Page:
Film Review : Still Life (2006)

IMDB Score – 7.3

Directed By – Zhangke Jia
Starring – Tao Zhao, Zhou Lan, Sanming Han, Lizhen Ma, and Hongwei Wang

Citizens return to a flooded town to salvage what they can and say good-bye to things they lost.

It’s funny how my Netflix queues tend to come together at weird points. Two films directed by Zhangke Jia managed to find their way into future viewing by me and I didn’t even plan the damn thing. “Still Life” came in the mail yesterday and I have “A Touch of Sin” lined up for my next viewing in my Instant Queue. I’ve never seen any of his films before and did not plan this is the slightest. Weird.

Anyway, obviously I sat down to watch Still Life” first, as the mail service is longer and more expensive. Gotta get those discs out of here quick so that my monthly bill is worth it. The film ended up being a pretty interesting watch, albeit very slow, which is not a negative. The film centers around two people who never meet during the duration of the film, as they try to seek out their spouses whom they haven’t seen for years. The story told in the film is a loose one. Neither story arch comes into full focus and only briefly concludes by the end of the film. However, this is a unique film. Zhangke Jia managed to tell and show a lot more than what was most likely written down in the script. The film takes place in the area near the Three Gorges Dam that is to be demolished before eventually being flooded by the dam. Some parts have already been flooded and the rest is being taken care of as the Dam project begins to progress. We are literally seeing people having to move out of areas where they spent the majority of their lives, and they can’t take everything. They have to choose. What is important? What is to stay behind. It is this theme where the emotion comes from in the form of our two protagonists quests to find their spouses. When they find them, will they try to salvage what is left? Will they let them go to nature? Powerful stuff.

The film is gorgeous by the way. In an almost Michael Haneke style, Zhangke Jia let the camera sit a lot and just take in the silence and body language of what was being shown. There were many shots of characters standing before a lush and open landscape that was both beautiful and frightening due to its humongous scale. Images of boats traveling through huge gorges painted most of the scenes and still camera shots of town inhabitants smoking who knows what as they take a break from their labor fill in the cracks. I love this kind of film making. By leaving the camera still on a subject, and letting the scene play out, I get a more realistic feel and can enter the world easier. It also lets the powerful moments register with more weight when you’re not having a rising maelstrom of lights and music to scream to the viewer that what they are witnessing is important. Don’t pander to me film. Let me do the work occasionally.

“Still Life” is a very unique but ultimately rewarding film with subtle imagery galore and packed with symbolism. It may not be a re watchable film, but the photography and heavy message of letting go gave me a unique experience and a good reintroduction to Chinese cinema. I’ll be watching Zhangke Jia’s most recent film “A Touch of Sin” next.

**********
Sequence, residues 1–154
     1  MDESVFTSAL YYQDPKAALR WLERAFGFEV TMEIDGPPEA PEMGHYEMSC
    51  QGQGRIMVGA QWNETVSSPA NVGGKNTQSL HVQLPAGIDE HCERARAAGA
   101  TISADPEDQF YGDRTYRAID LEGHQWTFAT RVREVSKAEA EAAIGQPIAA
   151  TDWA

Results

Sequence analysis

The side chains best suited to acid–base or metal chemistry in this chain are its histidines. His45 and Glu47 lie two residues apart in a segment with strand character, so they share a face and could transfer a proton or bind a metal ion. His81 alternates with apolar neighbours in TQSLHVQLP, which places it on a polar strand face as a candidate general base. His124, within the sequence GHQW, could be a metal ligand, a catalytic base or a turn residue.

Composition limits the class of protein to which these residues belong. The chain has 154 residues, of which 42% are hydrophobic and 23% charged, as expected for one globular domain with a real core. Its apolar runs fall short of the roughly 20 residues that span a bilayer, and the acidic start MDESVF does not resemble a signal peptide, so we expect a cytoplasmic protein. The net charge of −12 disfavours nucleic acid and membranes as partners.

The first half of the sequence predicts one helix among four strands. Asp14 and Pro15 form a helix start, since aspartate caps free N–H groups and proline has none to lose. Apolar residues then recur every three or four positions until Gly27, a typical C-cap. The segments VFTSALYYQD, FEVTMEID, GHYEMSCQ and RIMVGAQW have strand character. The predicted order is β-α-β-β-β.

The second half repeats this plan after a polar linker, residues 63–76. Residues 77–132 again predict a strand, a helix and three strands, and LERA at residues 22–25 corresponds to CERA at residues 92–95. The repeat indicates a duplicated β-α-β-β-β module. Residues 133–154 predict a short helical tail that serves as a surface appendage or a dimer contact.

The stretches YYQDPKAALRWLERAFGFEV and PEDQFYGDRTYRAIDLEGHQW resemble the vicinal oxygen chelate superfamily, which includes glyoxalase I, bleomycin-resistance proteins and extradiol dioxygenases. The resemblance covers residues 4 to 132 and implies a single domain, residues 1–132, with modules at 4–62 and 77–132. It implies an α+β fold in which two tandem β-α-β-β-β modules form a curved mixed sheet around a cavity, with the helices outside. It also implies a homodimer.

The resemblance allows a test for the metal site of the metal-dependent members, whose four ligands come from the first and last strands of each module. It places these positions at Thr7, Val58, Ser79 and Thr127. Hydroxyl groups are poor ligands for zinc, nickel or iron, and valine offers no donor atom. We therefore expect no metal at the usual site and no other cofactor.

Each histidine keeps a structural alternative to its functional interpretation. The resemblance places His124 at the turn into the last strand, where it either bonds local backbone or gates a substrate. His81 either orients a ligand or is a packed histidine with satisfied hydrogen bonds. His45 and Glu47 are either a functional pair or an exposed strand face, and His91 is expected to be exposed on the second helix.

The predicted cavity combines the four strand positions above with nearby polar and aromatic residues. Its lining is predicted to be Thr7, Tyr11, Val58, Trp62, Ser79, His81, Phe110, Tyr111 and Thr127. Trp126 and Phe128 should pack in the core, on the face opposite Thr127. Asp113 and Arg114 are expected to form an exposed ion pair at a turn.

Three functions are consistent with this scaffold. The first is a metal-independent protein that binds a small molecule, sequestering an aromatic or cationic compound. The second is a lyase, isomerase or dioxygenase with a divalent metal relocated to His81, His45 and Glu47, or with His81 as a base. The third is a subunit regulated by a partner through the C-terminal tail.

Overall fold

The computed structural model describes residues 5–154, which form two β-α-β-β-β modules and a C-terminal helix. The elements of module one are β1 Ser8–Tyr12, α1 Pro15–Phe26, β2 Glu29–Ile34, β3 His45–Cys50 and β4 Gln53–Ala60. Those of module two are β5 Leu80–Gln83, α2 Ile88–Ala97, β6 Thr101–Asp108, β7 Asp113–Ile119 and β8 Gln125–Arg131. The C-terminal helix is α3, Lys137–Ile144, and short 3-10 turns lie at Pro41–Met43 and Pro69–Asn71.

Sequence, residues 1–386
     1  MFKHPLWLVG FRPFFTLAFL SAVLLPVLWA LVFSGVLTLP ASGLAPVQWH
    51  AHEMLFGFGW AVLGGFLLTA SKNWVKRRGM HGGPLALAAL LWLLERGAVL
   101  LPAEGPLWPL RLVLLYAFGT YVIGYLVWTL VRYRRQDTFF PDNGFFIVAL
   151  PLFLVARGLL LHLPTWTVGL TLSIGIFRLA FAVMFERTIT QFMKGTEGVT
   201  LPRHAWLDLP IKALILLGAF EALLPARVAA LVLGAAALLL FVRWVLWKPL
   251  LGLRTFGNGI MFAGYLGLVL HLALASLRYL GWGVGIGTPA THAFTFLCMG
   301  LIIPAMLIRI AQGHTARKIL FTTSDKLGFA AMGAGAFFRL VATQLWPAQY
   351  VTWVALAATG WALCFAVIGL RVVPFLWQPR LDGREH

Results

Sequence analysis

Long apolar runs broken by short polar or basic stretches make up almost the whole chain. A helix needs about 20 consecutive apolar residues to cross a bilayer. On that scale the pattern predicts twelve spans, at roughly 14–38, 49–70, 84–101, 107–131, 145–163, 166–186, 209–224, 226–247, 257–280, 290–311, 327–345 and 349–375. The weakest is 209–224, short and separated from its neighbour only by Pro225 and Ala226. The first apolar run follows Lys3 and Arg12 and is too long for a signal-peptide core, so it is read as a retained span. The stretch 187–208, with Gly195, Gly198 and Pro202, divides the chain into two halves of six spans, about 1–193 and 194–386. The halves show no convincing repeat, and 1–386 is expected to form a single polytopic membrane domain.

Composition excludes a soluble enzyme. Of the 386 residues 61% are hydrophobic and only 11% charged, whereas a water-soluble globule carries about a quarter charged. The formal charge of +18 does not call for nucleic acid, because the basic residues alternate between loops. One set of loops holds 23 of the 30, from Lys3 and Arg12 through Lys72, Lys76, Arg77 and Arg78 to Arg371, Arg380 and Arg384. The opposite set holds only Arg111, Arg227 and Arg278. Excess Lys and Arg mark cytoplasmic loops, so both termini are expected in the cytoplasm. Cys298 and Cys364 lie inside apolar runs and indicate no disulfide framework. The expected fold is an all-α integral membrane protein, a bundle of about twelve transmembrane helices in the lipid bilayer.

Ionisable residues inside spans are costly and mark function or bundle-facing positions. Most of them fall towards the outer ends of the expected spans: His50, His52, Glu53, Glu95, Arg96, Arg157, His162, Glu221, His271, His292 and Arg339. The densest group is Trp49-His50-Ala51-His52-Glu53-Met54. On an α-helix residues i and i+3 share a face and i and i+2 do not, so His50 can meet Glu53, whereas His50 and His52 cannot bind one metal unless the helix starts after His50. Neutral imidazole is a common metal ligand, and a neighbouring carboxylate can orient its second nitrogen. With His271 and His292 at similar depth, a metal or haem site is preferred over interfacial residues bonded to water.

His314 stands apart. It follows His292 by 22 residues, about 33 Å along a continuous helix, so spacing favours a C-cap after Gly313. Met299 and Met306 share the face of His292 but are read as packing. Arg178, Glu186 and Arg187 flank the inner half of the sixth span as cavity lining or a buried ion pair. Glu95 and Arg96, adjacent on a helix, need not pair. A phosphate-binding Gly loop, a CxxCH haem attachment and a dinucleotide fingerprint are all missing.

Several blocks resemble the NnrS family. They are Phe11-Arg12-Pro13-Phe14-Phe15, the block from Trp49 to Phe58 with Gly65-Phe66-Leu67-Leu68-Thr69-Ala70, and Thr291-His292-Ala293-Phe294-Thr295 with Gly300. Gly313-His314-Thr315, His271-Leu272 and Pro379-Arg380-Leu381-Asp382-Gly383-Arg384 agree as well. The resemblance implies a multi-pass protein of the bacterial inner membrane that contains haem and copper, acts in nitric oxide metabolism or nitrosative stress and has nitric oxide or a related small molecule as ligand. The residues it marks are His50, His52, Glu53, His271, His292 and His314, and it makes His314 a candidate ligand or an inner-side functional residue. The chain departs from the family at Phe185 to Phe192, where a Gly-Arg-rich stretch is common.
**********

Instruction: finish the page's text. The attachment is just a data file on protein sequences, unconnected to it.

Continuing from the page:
Suggested Viewing – Still Walking, Poetry, Certified Copy, Uncle Boonmee Who Can Recall His Past Lives

Film Review : Life of Pi (2012)

IMDB Score – 8.1
Rotten Tomato Score – 87%
Academy Award Winner for Directing, Cinematography, Original Score, and Visual Effects

Directed By – Ang Lee
Starring – Suraj Sharma, Irrfan Khan, Ayush Tandon, Gautam Belur, Adil Hussain, Tabu, and Rafe Spall

A young man who survives a disaster at sea is hurtled into an epic journey of adventure and discovery. While cast away, he forms an unexpected connection with another survivor: a fearsome Bengal tiger.

Sitting on my DVR for over three months, Life of Pi finally was able to breach the wall into my procrastinating face. I regret not seeing it sooner. I regret not seeing it in theaters. I regret not seeing it in 3D. It’s honestly one of the very few films that I am literally kicking myself for not seeing in the theater. I sat through “Avatar”. I paid to see “World War Z”. Yet I couldn’t get off my ass to go see this film while it was in theaters for three months. What a missed opportunity. Let’s just get this out of the way. I LOVED the film. I couldn’t have loved it more. It was perfect in my eyes. Is it one of the best movies I’ve ever seen? No, but just because a film doesn’t make your all time favorite list, doesn’t mean it isn’t a flawless film. I don’t think I can explain it other than I’ll be watching this film for many years to come. It just so happens to be a film that goes against all my favorite films. It’s like rainbow in a universe of thunderstorms. I love thunderstorms.

So let’s try to get through this piece as coherently as possible. I’m not going to lie, I’m probably going to get lost along the way, but this is how I write and the world will have to accept that. “Life of Pi” is a film about the meaning of life. There. I said it. Ang Lee, who has always made films with moral themes, constructed a film adapted from the Yann Martel novel of the same name with an idea. The idea was that he wanted to change the way you think and look at the world. Did he accomplish his goal with me? No. I’ve been pondering the meaning of life for a long time now and I think I have it figured out.

Guys. I’m not serious. Calm down.

There is actually some truth in that though. I’m not a religious person. In brief, my beliefs lay in what I like to call “agnostic ignorance”. In short, I don’t believe in a God, but I’m a 24 year old kid from New Jersey. What the hell do I know? There have been countless unexplained events throughout history that no living being on this earth can explain. Science has been able to explain about 99% of that, but that last 1% is where my doubt lays. I can’t possibly adhere to a belief that God exists or God doesn’t exists. I just have no way of knowing. I am however, entirely open to the idea of change. If something happens in my life that expresses the true meaning of life, then I’ll embrace it with open arms. Until then, I’ll be the casual observer trying to take in as much as possible…much like our protagonist, Pi.